- This genre is full of some of the best, kindest, and most giving people I’ve met and a huge number of them are associated with Writers of the Future. Seriously, from the judges to the administrators to the winners, an amazing group of people.
- Just entering the Contest puts you in a community. The Writers of the Future Forum is filled with authors learning their craft and quite a few more seasoned folk spending their time helping get you from blank page to the stage.
- If you can make the reader laugh, you’ve got their attention for this story. If you can make them cry, you’ve got them for your next.
It was an amazing, fantastic, fabulous week, and while I was there, people kept telling me they hoped to see me come back and win. It’s happened, they said. It’s been a while, but it happens. Keep entering. I promised I would.
The night of the gala, I looked at the program book for the event, which had a list of everyone who had ever won Writers of the Future. After more than thirty years, an impressive list, with so many of our genre’s greats. I saw all my new friends’ names listed.
But not mine.
Because I hadn’t won. During the week, I’d almost forgotten. I felt like a winner. I was treated like a winner—but I wasn’t. Not quite. Not yet.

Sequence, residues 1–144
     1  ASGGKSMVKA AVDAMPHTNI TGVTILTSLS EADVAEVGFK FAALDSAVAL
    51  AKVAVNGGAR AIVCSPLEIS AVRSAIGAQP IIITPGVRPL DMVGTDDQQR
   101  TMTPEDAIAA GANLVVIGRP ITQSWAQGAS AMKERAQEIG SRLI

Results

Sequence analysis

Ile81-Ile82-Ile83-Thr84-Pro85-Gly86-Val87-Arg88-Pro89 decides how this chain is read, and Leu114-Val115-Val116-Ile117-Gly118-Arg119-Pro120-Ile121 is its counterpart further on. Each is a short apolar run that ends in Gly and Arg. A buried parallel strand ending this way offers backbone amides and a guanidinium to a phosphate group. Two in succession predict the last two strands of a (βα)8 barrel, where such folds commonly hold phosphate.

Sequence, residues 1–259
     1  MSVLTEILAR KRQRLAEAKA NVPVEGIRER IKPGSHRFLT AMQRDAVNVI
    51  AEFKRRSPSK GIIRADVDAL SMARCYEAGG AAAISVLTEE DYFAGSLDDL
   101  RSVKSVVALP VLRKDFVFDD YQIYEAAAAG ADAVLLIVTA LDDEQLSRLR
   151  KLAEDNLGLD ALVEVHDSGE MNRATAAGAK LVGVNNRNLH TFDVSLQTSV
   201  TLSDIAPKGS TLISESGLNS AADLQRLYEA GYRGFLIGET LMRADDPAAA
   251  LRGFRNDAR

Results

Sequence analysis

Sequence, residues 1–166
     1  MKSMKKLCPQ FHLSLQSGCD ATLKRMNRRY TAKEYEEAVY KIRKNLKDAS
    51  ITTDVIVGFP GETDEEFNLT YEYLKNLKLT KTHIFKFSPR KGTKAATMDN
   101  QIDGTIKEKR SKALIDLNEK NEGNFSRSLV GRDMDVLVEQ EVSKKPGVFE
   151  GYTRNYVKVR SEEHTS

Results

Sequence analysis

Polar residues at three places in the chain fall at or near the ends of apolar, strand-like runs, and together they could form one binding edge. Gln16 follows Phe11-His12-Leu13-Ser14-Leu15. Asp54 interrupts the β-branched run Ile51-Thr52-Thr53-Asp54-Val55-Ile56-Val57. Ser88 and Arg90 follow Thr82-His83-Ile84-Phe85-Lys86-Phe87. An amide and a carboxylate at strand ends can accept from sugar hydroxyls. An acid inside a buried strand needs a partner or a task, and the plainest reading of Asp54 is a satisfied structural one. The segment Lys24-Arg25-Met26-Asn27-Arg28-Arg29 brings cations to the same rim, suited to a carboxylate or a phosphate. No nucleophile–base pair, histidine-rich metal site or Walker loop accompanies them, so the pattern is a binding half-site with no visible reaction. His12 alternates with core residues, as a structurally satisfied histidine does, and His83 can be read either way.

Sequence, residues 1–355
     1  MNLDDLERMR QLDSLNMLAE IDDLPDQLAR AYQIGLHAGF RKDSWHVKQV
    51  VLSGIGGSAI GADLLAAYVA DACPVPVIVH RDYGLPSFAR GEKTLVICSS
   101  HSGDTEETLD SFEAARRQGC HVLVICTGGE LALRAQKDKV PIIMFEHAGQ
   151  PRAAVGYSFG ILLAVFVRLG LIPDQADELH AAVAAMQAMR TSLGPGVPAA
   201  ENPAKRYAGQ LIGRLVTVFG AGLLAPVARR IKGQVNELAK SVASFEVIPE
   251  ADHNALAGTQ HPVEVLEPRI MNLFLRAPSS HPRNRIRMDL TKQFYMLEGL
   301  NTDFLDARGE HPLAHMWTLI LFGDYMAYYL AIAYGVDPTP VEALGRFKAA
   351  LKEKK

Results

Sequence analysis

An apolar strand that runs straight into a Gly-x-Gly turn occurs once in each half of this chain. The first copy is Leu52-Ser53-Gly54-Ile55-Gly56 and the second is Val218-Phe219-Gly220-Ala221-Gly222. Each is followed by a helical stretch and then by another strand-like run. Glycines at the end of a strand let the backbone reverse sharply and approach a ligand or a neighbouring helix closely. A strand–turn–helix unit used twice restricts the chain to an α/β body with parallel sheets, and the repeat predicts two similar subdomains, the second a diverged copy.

I went home. I wrote more. I had some struggles. Turns out, I am not creative when pregnant. I had a baby a year after attending Writers of the Future, and missed a couple of quarters.
Then the next phone call came. I honestly forgot I had entered that quarter (see above. Newborn babies fry your brain). But I was a finalist again!
And I didn’t win.
I got back to work. I wrote and studied and entered. I got Semi-finalist, and Silver Honorable Mentions, and enough Honorable Mentions to paper a room. It had been two years since I’d been to Writers of the Future. Then, three.
Then I got a fifth call. This had to be it, surely? I’d never heard of anyone being a finalist more than five times. And I had a story at a pro-market being considered for publication that would end my eligibility for Writers of the Future.
I didn’t win.
The market said they wanted my story if I changed this, and this, and that, and that, and….
I looked at my story. It was one of my finalists from Writers of the Future previously. I loved this story; I believed in it. I didn’t know if I believed in the edits they wanted. I slept on it.
I decided if I was going to pro out of Writers of the Future, it had better be for a publication I was proud of. So I turned down the offer. And I wrote another story for Writers of the Future.